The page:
• Everything compiles correctly, which is why this is strange. Proguard doesn't seem to be running (it doesn't run for debug builds right? I haven't touched the configuration). I'll add the relevant code from the repository to the question now.
    – dj_bushido
    May 12, 2014 at 23:20
  • @dj_bushido can you tell me why we need to add below code ? injects = { BookListFragment.class, DownloadManager.class, BookRefreshTask.class } in activitydownloadmodule.class ?
    – gandhi
    Dec 2, 2014 at 5:09

1 Answer 1

1

There are two parts here. First, how you get access to the Context. You can do static things as you are, though that's not advisable. Generally, you should configure your graph with a stateful module that carries the context, like this:

@Module
class ApplicationModule {
  private final Application application;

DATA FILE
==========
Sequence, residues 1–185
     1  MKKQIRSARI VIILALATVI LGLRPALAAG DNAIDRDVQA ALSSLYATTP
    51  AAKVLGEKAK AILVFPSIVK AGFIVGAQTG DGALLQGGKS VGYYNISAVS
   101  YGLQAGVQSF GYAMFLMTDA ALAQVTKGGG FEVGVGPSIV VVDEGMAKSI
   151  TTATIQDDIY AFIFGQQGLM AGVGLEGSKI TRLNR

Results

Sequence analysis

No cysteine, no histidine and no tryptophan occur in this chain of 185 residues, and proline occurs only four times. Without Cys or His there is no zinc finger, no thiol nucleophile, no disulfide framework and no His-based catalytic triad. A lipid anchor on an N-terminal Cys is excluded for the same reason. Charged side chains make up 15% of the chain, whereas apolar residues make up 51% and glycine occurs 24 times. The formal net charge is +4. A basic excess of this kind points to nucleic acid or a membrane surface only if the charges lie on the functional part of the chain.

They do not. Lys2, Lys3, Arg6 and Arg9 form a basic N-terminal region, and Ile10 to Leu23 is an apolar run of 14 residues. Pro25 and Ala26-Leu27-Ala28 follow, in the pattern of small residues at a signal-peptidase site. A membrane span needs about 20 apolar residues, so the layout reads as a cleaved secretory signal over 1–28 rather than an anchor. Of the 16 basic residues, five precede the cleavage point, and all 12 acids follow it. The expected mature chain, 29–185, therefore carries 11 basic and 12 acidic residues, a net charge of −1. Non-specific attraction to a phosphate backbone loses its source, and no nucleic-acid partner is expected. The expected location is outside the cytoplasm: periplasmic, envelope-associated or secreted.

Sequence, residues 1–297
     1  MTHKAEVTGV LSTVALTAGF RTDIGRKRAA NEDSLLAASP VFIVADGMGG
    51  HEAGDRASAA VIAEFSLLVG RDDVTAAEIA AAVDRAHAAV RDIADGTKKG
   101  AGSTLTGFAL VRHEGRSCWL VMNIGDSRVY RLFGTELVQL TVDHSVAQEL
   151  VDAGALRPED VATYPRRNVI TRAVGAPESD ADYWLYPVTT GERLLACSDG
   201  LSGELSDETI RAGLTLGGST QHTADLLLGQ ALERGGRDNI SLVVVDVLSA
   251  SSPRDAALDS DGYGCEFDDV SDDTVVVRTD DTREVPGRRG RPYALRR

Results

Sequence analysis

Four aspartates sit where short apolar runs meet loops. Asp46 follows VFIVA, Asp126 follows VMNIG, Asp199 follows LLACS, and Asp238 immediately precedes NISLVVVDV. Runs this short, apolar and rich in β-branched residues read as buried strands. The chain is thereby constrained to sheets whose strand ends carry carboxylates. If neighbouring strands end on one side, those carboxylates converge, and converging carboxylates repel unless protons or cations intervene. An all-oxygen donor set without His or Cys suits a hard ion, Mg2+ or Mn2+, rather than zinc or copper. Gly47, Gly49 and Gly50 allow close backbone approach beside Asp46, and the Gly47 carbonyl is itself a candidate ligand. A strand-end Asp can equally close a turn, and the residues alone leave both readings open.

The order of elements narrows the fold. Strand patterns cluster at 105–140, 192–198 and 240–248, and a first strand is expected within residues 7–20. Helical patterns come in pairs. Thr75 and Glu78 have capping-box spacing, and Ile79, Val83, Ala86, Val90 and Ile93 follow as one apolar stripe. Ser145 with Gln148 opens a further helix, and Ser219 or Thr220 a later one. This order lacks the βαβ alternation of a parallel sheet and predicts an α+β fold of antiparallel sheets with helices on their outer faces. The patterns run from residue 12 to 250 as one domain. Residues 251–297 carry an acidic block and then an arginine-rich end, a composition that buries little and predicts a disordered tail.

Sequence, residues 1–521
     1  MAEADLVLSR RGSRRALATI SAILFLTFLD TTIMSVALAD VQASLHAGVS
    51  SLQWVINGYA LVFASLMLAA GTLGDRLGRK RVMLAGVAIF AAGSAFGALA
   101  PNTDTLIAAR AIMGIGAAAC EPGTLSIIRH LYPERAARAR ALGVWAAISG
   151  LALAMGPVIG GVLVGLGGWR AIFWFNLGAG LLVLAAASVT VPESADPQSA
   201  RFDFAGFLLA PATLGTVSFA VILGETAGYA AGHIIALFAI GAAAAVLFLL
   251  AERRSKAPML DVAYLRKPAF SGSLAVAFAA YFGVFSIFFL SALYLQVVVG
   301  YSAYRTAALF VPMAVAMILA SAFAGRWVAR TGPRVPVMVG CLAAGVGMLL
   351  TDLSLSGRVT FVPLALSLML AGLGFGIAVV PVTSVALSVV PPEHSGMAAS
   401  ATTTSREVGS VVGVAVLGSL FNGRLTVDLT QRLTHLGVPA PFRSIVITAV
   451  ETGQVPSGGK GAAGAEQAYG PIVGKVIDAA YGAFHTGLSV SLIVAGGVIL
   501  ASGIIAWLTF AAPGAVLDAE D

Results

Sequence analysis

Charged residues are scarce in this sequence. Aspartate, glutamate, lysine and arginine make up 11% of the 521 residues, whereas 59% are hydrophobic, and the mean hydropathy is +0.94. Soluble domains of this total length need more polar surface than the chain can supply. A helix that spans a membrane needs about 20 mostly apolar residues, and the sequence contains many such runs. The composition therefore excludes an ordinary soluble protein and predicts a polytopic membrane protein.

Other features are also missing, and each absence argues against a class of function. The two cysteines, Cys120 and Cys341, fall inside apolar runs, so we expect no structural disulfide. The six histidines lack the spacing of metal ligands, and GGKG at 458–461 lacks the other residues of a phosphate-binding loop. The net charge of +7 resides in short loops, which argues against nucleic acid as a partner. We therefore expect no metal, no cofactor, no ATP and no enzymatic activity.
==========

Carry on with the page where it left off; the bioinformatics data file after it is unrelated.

public ApplicationModule(Application app) {
    this.application = app;
  }

  // you can mark this singleton, but it's minor overhead
  // and the fact that you have a single instance stored
  // means it's semantically equivalent. But for clarity
  // it's sometimes good to make the point.
  @Provides 
  @Singleton 
  Application application() {
    return application;
  }

  // optionally: bind it as a Context with a qualifier.
  // note: never bind Context without a qualifier annotation
  // as Activity and Application are both Context subtypes.
  @Provides 
  @Singleton 
  @PerApplication 
  Context appContext(Application app) {

    // Doing this instead of returning this.application is 
    // semantically equivalent but links @PerApplication Context
    // to Application, so in graph analysis and error reporting
    // the link is clearer. That's a personal choice. 
    return app; 
  }
}

At any rate, you then when you create the graph:

Application appInstance = ...;
ObjectGraph appGraph = ObjectGraph.create(
    MyAppModule.class, 
    new ApplicationModule(appInstance));

The Application is then seeded into the graph and can be depended-upon by other types that declare it as a dependency.

Your Answer

By clicking “Post Your Answer”, you agree to our terms of service, privacy policy and cookie policy

Not the answer you're looking for? Browse other questions tagged or ask your own question.